What’s one way to get the attention of adults and children alike? Say the magic words: “Once upon a time….”
Of course, those words aren’t magic in and of themselves. It’s what they signal to people that’s important. When we hear that phrase, we know that a story is coming, and as humans, we are primed to pay attention to stories. Stories, and how they can be used for science communication, is the focus of a new paper just out in the open-access journal Facets, and authored by Stephanie Green, Kirsten Grorud-Colvert, and our own Heather Mannix.
The paper, titled “Uniting science and stories: Perspectives on the value of storytelling for communicating science,” shares an overview of the science behind storytelling, and insights from the authors’ experiences leading a storytelling workshop at the past two International Marine Conservation Congresses (IMCC), culminating in an evening of stories shared by participants in front of a live audience. The group is set to lead the third iteration at the upcoming IMCC in Kuching, Malaysia this June.
Stories are a powerful way to share information. In fact, neuroscience research shows that narratives resonate with listeners in ways that non-narrative statements do not, helping to convey the importance of the information stories contain (see the introduction of the paper for more details).
For all the power that stories have, though, it can still be hard to figure out whether you have a story to tell, or how to tell it. As scientists, we’re usually looking for information or explanations of what we’re measuring and observing rather than stories—and if there is a story to be told, we often leave it up to a journalist or the institutional communications department to find it and share it for us. But you don’t have to be a professional author, media personality, or experienced storyteller to have a compelling tale to tell.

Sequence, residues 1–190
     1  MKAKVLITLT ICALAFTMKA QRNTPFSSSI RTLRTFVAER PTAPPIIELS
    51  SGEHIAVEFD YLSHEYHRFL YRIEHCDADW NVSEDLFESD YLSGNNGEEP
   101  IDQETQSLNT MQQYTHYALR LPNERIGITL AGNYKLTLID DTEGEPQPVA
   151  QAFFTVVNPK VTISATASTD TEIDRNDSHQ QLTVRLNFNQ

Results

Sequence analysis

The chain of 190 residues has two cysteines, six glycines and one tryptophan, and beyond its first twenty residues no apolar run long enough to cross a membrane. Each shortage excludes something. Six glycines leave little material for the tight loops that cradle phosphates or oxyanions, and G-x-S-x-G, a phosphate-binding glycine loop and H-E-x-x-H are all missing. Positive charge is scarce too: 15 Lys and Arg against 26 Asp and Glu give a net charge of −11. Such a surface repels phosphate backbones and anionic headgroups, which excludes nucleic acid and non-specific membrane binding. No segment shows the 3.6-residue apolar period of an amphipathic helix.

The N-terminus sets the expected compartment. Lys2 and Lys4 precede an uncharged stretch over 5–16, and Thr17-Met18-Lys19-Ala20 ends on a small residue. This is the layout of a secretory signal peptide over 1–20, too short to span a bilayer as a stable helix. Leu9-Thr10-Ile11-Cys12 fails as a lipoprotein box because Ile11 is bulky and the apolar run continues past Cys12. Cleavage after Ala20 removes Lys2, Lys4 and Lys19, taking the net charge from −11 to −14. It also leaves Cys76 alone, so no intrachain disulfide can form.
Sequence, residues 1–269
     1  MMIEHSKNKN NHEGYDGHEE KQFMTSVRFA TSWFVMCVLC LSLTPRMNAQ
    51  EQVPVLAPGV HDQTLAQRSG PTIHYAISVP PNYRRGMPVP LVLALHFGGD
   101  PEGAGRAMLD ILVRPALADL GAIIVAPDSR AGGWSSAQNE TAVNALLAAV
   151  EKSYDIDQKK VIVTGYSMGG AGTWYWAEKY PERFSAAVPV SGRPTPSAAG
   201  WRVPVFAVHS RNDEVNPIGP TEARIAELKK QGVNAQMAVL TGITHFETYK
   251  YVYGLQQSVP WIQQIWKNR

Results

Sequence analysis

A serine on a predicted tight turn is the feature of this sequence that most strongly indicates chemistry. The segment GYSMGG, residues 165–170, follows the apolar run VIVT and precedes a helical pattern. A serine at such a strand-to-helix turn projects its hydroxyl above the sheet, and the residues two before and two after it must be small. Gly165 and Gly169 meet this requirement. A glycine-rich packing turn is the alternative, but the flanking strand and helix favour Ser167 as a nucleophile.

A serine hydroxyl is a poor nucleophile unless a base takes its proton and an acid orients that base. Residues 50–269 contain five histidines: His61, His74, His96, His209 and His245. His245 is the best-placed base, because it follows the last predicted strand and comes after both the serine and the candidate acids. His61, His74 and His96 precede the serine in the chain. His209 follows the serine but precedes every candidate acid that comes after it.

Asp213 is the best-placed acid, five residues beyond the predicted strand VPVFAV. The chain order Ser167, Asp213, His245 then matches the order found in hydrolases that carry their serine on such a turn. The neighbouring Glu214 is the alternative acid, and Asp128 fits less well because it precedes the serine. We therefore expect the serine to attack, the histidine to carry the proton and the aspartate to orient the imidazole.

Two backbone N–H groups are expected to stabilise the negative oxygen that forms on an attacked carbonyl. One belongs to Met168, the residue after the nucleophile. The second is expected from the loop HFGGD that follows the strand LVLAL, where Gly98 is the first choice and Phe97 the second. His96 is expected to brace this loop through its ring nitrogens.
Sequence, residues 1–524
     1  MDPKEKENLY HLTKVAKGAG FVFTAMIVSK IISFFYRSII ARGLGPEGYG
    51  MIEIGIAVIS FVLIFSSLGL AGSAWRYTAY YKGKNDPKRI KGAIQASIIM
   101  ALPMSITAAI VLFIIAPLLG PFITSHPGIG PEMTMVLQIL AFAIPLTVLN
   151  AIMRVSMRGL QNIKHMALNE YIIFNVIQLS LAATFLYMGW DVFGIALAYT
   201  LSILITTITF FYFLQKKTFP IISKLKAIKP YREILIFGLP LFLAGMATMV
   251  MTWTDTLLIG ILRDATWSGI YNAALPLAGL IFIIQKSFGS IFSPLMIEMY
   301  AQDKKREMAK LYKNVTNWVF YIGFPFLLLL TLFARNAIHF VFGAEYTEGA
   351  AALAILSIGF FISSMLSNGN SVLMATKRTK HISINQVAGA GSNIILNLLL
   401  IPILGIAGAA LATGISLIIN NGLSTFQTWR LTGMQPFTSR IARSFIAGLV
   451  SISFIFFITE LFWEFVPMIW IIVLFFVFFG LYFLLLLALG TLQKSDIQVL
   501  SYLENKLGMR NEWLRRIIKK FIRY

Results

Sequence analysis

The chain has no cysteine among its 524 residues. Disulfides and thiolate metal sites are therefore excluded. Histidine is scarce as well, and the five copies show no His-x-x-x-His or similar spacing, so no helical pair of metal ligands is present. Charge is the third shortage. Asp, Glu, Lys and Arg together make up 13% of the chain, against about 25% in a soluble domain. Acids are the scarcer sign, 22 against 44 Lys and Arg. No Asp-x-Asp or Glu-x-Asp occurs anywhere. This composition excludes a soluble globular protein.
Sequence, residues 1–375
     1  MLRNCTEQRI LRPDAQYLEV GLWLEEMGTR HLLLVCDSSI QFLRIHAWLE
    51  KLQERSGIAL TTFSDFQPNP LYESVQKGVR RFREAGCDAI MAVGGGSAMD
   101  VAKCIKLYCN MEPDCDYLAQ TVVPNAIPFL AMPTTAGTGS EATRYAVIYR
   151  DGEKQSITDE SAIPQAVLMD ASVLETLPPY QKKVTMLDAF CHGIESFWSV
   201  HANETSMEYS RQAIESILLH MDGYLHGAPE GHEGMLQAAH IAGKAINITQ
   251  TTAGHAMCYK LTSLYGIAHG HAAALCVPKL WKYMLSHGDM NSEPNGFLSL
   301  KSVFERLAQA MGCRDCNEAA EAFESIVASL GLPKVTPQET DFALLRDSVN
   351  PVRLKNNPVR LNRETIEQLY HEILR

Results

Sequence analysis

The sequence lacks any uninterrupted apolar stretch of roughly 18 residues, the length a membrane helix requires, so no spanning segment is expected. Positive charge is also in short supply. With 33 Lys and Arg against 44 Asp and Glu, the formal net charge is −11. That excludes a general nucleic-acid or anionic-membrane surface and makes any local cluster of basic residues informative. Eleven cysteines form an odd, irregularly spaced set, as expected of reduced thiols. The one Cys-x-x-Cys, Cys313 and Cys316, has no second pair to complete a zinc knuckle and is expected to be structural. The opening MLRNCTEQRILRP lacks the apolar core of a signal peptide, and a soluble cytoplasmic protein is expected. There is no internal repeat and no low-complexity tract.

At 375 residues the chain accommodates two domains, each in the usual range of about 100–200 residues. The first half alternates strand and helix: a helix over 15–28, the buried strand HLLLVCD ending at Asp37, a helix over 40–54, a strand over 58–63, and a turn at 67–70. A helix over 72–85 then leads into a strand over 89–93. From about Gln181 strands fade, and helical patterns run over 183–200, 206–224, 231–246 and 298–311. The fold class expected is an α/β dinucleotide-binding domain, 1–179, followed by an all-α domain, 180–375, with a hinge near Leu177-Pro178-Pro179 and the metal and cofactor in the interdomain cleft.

Your stories are there, if you look for them – sometimes you just need to know how to recognize your story when you see it. In the paper, Steph, Kirsten, and Heather share shapes of narrative arcs (inspired by Kurt Vonnegut’s story graphs) that are common in science, and examples of how scientists in the IMCC workshops have used them: Discovery, Rescue, and Mystery.
Scientists are constantly making discoveries, large and small. Check out how Matthew Tietbohl and Dr. Elizabeth McLean use the Discovery arc in their stories here:
Research that focuses on an issue can help solve problems and address challenges. See how Skye Augustine and Daniel Raberinary use the Rescue arc for their stories here:
Many research questions arise because of a mystery, which science helps us solve. Watch how Kyle Gillespie and Dr. Nohora Galvis employ the Mystery arc for their stories here:
You can view all of the stories here.
We’ve been thinking and sharing about the importance of stories in science communication for a long time here at COMPASS (link to Erica’s first story post), and it’s exciting to see how far storytelling for science has come. There are some great resources available now to inspire and support you to identify and share your stories, and this paper shares many of them. We’re eager to hear the stories you’ll tell!